A Snowball’s Chance

Students on UTSA’s Main Campus in January 1982.

A Snowball’s Chance

Although instances of the falling flakes are rare in South Texas, they can happen, and Roadrunners get fairly excited when they do

[ This article was originally published in Sombrilla Magazine, Winter 1999 ]

What’s a snowball’s chance in San Antonio? Very slim this year [1999], according to long-range weather forecasts. The weather phenomenon known as La Niña continues to produce above-normal temperatures over much of the country’s south-central region. Although not likely, the best chance of snow in our region is in late December or early January, according to the Farmer’s Almanac.

It can happen, though. And it has, of course.

The National Oceanic and Atmospheric Administration website reports that there was less than a thin inch of snowfall on January 13, 1982, in San Antonio. On January 2, 1985, a 2.4-inch frosting heralded the whopping 13.5-inch snowfall of January 11–13. (UTSA classes were not yet in session, though.) Just over an inch was recorded January 21, 1987. The most recent year NOAA reported snow in San Antonio is 1988, and then it was only a dusting.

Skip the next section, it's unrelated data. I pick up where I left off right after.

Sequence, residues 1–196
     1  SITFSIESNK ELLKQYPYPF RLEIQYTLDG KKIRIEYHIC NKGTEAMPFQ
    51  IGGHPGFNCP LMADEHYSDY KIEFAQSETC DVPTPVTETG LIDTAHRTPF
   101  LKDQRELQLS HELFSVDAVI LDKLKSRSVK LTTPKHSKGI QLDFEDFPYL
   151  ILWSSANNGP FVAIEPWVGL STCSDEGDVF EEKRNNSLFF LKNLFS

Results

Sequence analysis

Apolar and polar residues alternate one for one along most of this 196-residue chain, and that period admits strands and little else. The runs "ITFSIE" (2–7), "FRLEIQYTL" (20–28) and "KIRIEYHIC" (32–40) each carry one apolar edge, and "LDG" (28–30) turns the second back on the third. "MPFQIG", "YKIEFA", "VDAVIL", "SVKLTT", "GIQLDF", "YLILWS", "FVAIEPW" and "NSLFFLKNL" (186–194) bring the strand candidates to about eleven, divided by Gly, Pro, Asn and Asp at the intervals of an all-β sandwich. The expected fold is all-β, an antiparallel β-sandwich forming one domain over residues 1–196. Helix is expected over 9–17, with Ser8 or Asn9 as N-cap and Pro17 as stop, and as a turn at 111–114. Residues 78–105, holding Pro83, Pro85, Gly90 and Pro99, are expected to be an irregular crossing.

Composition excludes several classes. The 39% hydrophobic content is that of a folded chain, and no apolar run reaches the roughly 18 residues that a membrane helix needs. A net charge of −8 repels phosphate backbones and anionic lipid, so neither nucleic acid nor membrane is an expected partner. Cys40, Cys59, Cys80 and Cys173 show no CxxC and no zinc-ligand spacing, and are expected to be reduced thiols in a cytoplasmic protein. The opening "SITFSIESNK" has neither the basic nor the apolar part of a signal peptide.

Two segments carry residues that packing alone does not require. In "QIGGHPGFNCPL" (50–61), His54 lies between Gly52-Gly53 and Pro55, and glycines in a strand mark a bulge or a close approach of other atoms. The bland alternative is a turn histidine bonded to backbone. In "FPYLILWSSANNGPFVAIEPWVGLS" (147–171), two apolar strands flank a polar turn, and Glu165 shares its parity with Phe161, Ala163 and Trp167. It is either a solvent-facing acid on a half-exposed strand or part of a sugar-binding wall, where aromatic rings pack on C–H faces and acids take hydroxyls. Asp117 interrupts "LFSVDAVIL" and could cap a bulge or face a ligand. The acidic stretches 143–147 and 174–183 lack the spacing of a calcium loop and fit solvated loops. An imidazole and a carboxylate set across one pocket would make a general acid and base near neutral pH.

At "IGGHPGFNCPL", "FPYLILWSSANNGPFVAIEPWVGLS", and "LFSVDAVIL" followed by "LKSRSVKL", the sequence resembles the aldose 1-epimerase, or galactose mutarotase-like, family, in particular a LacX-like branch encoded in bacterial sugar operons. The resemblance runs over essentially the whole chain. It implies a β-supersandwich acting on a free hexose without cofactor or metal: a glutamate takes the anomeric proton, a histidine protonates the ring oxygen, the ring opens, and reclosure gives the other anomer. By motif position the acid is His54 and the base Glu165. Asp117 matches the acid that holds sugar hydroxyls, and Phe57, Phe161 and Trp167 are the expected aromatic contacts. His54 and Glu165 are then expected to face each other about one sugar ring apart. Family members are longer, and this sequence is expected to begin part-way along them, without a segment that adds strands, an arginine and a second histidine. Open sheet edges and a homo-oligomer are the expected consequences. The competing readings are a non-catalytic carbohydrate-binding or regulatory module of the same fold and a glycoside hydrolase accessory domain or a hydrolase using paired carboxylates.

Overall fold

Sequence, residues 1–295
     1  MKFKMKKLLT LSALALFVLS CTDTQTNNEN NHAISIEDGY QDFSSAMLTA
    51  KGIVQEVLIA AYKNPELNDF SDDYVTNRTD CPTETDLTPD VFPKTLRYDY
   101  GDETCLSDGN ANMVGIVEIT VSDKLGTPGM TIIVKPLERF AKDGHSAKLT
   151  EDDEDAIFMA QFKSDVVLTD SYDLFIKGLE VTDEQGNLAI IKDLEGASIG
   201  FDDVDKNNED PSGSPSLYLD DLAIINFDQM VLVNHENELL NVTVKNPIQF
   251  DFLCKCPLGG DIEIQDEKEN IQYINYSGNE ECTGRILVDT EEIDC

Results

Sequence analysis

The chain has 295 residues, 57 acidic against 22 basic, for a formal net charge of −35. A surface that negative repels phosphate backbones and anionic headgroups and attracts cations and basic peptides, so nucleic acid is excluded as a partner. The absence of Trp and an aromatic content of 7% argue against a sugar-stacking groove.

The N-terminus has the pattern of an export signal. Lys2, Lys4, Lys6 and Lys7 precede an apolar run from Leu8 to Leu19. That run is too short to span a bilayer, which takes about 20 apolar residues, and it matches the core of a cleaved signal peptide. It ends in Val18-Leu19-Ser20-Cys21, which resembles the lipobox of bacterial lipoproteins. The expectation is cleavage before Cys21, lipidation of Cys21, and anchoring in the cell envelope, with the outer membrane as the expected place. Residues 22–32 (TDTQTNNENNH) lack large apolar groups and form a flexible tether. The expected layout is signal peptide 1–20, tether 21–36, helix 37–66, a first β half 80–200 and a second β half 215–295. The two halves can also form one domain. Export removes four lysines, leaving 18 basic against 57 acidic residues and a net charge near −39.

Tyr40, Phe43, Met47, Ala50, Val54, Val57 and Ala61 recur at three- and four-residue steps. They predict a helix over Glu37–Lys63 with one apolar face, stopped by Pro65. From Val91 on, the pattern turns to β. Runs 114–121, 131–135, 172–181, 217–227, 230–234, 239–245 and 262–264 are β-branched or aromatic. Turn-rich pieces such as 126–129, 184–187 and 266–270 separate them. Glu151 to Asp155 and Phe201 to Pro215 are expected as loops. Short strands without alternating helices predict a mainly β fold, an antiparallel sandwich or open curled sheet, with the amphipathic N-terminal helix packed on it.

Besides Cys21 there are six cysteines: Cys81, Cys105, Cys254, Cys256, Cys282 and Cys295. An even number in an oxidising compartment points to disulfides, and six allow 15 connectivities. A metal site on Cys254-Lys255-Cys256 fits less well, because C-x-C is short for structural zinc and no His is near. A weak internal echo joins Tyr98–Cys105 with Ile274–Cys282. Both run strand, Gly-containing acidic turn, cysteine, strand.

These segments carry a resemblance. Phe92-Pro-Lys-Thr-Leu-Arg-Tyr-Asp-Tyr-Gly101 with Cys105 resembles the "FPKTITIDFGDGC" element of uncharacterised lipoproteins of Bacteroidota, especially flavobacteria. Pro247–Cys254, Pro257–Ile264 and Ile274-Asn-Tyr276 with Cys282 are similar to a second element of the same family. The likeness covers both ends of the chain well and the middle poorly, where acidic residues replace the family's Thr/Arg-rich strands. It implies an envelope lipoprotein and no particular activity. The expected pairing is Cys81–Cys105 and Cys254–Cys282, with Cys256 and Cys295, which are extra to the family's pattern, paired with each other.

On January 17, 1982, UTSA President James Wagener closed campus when the white stuff started falling. Although it didn’t stick, according to one witness, most staff and students hit the road. Staff photographer John Poindexter grabbed his camera and headed outside to record the rare moment.

“The students who did stay around found an opportunity to have a little fun on campus,” Poindexter said. Posing three students, he instructed them to “act like you’re throwing the snowballs at me.” He snapped the shot a moment before the snow hit him.


Many ’Runners will remember the more recent snowfall that blanketed UTSA on December 7, 2017.